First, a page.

The response was immediate. Racist organisations took to the streets of Dover, Jack Straw almost immediately imposed visa restrictions on all Slovakians (incidentally generating even more hostility to Roma on the streets of Bratislava), and the press had a field day with public indignation that destitute Roma were begging in Britain. None of these reactions improved community relations, or defused the vitriol of racists who need little excuse to blame foreigners for the country’s ills.
‘The public appear to think that Britain is being overrunby feckless foreigners attracted by the prospect of generous state benefits.’
On 1 February 2001, MPs in the House of Commons exercised their lungs over the chaos of successive government asylum policies. Nearby in a hall in Westminster at the Refugees, Asylum-seekers and the Media (RAM) Forum, Nazand Beghikani, an exile from Iraqi Kurdistan who now works for the RAM project, gave a shocking account of what happened to her brother in Germany.
He sought refuge in Germany after the execution of two of their other siblings in Saddam’s gaols, and was reported missing by his wife after the family received threats from local Nazis. Determined to prove that he had merely gone underground to seek asylum elsewhere in Europe, the police tapped the family phone, convinced they would hear him reporting on his progress. Instead they were forced to acknowledge that the family was receiving death threats. Six weeks later they found his body in a nearby river—and promptly recorded it as suicide.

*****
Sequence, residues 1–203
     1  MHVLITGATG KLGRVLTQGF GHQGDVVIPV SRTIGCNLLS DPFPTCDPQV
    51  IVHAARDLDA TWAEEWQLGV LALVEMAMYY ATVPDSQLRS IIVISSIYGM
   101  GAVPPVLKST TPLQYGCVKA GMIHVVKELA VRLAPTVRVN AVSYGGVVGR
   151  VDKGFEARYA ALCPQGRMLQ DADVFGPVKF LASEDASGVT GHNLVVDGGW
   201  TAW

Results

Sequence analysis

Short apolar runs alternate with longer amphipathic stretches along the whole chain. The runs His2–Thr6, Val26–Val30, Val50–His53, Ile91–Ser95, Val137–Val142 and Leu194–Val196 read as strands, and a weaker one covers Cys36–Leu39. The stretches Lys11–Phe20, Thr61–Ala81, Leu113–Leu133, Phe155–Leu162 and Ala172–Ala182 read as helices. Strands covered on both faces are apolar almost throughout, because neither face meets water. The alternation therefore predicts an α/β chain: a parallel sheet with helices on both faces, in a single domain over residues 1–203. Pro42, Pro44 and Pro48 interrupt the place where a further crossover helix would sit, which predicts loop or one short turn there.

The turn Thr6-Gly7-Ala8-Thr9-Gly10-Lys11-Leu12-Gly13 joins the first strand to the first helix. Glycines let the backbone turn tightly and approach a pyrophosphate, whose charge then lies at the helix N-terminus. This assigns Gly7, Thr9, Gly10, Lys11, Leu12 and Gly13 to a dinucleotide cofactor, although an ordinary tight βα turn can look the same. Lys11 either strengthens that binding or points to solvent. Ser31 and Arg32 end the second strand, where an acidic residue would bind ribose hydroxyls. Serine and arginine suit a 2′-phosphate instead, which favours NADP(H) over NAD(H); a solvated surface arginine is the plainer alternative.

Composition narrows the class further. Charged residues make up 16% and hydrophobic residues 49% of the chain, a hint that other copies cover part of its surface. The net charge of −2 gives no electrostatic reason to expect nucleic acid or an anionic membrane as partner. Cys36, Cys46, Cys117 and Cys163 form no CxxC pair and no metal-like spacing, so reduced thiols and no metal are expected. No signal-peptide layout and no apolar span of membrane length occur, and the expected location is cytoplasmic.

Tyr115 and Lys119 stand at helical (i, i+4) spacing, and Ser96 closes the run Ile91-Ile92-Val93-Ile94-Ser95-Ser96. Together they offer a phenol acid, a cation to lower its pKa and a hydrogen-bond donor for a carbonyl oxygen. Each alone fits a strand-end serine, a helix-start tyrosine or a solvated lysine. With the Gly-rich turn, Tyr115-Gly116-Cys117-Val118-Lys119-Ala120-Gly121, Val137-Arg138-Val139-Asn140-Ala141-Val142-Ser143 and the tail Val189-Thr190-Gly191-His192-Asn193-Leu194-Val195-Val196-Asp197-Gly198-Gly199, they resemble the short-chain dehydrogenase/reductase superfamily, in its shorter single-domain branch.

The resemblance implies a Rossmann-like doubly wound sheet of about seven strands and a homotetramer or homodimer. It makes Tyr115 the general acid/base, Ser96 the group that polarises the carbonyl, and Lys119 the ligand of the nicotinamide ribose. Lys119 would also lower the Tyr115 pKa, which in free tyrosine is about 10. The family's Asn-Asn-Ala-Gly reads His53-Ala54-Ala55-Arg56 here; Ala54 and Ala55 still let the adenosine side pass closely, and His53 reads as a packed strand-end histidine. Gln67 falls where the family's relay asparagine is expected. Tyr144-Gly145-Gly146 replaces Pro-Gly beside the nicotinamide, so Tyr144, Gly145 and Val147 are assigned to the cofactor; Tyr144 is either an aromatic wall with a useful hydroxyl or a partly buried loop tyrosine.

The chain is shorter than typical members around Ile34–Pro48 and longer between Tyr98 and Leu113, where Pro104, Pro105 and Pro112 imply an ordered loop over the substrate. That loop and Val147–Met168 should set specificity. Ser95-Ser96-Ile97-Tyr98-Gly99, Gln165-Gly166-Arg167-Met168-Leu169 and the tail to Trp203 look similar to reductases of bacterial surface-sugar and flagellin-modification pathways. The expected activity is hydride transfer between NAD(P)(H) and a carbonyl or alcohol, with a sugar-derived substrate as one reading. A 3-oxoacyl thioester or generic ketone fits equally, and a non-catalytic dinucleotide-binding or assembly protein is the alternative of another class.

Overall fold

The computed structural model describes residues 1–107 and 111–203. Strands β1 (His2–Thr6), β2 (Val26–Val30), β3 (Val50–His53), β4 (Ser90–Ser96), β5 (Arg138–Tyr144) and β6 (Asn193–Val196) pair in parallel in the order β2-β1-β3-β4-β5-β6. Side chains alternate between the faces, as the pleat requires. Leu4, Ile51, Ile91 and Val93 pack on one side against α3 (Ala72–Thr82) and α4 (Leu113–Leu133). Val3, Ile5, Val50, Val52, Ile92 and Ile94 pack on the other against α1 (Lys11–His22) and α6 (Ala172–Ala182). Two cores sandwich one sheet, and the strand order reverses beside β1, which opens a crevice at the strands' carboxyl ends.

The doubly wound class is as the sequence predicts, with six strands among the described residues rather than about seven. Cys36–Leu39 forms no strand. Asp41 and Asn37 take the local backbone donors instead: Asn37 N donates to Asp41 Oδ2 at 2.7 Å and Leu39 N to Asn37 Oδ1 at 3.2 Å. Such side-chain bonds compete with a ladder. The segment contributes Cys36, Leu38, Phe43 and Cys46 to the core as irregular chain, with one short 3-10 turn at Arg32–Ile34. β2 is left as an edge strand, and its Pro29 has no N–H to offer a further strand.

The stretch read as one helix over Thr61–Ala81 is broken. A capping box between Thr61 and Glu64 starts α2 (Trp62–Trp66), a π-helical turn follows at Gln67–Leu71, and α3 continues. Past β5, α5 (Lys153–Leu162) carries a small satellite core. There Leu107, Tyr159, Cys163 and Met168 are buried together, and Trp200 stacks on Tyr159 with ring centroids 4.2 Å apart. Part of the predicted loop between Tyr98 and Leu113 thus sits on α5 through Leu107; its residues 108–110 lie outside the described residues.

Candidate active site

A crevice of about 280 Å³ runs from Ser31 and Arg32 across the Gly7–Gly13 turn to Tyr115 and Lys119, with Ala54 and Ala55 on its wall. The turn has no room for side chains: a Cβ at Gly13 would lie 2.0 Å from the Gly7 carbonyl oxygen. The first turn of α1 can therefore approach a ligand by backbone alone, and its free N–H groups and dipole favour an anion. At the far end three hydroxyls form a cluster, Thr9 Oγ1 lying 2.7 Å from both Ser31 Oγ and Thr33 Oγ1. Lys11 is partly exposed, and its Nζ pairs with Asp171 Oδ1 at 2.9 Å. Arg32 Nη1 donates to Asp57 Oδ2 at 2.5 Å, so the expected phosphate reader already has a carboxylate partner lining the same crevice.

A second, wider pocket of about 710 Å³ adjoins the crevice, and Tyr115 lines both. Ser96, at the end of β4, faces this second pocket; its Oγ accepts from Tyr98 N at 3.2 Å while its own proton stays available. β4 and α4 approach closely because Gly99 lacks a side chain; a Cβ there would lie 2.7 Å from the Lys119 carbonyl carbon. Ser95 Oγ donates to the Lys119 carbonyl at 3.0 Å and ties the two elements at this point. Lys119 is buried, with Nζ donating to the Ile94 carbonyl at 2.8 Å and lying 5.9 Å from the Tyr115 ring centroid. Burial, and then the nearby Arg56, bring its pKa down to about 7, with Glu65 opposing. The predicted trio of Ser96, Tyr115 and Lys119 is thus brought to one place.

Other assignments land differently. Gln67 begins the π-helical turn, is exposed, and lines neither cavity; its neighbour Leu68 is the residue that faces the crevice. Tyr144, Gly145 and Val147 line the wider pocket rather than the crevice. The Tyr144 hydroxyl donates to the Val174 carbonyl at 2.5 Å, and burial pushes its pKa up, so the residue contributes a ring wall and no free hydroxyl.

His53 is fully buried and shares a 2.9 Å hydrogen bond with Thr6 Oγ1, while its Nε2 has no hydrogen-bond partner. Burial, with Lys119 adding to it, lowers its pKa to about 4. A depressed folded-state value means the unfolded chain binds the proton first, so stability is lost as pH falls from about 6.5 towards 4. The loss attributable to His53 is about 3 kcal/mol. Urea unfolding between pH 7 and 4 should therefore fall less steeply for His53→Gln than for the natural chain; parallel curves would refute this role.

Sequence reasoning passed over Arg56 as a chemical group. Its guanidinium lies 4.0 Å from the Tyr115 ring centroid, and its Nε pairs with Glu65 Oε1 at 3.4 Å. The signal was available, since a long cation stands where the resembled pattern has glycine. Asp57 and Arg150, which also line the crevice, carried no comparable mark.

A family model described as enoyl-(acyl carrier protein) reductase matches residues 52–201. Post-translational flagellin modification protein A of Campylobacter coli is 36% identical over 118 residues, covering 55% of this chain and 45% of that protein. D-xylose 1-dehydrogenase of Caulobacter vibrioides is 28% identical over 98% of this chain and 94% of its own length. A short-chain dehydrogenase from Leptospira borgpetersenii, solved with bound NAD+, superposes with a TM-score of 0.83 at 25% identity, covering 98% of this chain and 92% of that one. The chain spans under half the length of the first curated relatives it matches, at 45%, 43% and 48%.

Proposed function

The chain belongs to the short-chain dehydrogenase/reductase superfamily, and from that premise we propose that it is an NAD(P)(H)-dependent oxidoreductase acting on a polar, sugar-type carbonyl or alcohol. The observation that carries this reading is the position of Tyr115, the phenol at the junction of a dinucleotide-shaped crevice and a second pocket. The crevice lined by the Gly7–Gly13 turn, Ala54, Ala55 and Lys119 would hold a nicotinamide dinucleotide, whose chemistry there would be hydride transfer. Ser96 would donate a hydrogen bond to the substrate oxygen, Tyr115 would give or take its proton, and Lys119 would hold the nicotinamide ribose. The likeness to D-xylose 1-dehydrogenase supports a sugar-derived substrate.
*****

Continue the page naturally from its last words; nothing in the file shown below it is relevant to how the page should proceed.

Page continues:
Similar stories of violence against asylum seekers in Britain are finding their way into the headlines, although much racial violence goes unreported. Meanwhile, the police have at last acknowledged that violence against refugees is a serious threat to public order. The Association of Chief Police Officers has warned that more must be done to tackle this racially-motivated violence.
A Channel Four documentary Bloody Foreigners, shot largely undercover, provided graphic evidence of threats and violence against those stigmatised by the media as spongers and ne’er do-wells.
And Jay Rayner’s study for The Observer (18 Feb 2001) demonstrated that the most significant increase is to be found in rural areas unused to these new strangers in their midst. Small wonder that police officers from West Country race hate units, concerned at hostility directed at the relatively few asylum-seekers who have been ‘dispersed’ into the region, expressed their concerns at a media workshop PressWise ran at a Searchlight anti-racism day in Bristol in autumn 2000.
According to a survey conducted at the time for the eminently respectable Readers’ Digest by the equally respected MORI organisation, the public appear to think that Britain is being overrun by feckless foreigners attracted by the prospect of generous state benefits. Apparently 80 percent of British people believe refugees see the UK as a ‘soft touch’. (The Daily Mail gleefully announced that even Labour MPs share this view on its 1 Feb 2001 front page.)
The MORI poll revealed that 63 per cent of the population think the state provides asylum-seekers with £100 a week more than the £38 they actually receive, mostly in the form of food vouchers for which there are no cash reimbursements if they underspend. Even more worrying the majority of British people believe that 20 percent of the UK population are immigrants, and 26 percent of the population are from ethnic minorities. In actual fact only seven percent of the population are from ethnic minorities and only about four percent are immigrants.